Like other winter sports snowboarding is associated with certain risks. Due to the nature of travelling at high speeds down slopes with many other skiers and snowboarders around, there is a risk of collision. Therefore, all slope users should follow a set of rules designed to reduce the likely hood of an accident.
- Look out for other skiers or snowboarders before crossing or joining a ski run.
- The person in down hill always has right of way, adjust your speed and path accordingly.
- Pull down the safety bars on a chair lift and hold on to your belongings.
- Leave plenty of room when overtaking other skiers or snowboarders.
- Avoid stopping in narrow areas, below dips, or on blind corners where it is difficult for others to see or pass you.
- Keep to the side of the slope if you wish to trek up or down the mountain.
- Move to the side of the ski run after a fall if you need to rest before setting off again.
- Maintain a good distance between yourself and other skiers.
- Allow other skiers to pass easily if you know they wish to overtake you.
- If possible, assist other mountain users if they require help.
- Contact mountain rescue if someone has been injured.
- Obey all resort rules, signs and warnings!
Terrain ParksThe growth in popularity of freestyle snowboarding has led to a huge rise in the number of terrain parks and with them the size of jumps, rails and half pipes has increased. This has inevitably caused a corresponding rise in the number of injuries occurring in terrain park areas.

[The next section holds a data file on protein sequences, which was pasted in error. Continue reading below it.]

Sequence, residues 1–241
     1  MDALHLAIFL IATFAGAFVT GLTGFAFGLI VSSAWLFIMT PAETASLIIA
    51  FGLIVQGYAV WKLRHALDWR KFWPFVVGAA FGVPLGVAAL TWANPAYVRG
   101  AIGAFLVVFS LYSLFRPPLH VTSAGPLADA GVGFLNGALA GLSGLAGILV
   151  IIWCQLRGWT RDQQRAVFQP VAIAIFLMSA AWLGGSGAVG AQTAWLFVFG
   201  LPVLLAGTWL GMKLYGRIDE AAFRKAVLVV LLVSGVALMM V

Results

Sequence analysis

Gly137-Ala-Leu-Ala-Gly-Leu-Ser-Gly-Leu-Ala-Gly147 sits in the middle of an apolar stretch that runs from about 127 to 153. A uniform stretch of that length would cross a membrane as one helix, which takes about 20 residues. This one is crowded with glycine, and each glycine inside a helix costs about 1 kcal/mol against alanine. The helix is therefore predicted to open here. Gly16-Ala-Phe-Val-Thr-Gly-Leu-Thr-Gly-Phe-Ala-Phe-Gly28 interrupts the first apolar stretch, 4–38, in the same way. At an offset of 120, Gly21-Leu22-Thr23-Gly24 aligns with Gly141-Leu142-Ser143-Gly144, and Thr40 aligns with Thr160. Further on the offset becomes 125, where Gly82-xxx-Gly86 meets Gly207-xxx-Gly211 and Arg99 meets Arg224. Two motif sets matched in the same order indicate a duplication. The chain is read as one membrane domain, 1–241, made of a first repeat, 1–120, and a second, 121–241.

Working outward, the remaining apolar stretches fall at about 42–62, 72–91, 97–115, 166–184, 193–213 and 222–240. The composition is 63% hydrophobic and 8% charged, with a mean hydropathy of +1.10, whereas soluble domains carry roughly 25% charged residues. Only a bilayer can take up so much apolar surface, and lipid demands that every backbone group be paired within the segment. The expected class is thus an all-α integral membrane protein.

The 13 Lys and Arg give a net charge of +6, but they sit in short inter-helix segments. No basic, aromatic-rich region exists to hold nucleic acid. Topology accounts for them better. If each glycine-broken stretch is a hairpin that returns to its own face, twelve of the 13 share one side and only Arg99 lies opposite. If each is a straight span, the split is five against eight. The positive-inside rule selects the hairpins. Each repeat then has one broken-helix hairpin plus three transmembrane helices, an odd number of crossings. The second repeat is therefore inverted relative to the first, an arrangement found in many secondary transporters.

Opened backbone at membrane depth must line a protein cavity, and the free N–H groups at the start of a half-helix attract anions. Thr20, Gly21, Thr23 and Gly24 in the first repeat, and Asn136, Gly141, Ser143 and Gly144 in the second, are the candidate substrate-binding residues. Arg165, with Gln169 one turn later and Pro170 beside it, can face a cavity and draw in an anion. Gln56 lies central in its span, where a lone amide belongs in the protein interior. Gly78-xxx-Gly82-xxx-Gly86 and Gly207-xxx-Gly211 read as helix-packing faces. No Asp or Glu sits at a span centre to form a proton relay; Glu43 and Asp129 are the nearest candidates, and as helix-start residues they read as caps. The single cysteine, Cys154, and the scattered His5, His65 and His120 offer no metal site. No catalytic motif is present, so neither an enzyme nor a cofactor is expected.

Often, snowboarders will take on an obstacle which is beyond their technical ability and this can lead to injuries. Terrain parks normally mark their obstacles according to size and difficulty. Beginners should first become comfortable with the easier features before attempting more advanced lines.
HelmetsThe use of helmets whilst snowboarding has become more and more common and is especially popular in North America, though Europe is following slowly. Some resorts have made it compulsory to wear helmets in terrain parks, in a bid to reduce head injuries.
Off PisteSnowboarding off piste presents a whole set of new hazards that are not found within ski resort boundaries. Outside of the resort limits there are no marked runs and no ski patrol. As a result, there are many more dangers facing snowboarders, such as avalanches, crevasses, unmarked streams and rocks. There is also a risk that a small injury can become life threatening in off piste areas, as a snowboarder may not be able to move to get help, and therefore could die from exposure.
Off piste and backcountry snowboarding requires in-depth knowledge of the local terrain and a good understanding of avalanches and how to avoid them. Avalanche equipment such as an avalanche transceiver, probe and shovel should be carried at all times when outside of ski resort boundaries.
Snowboarding need not lead to injuries; if you wear adequate protection, follow slope etiquette and don’t push yourself too far beyond your ability level, you can minimise the risk of damaging yourself, or anyone else.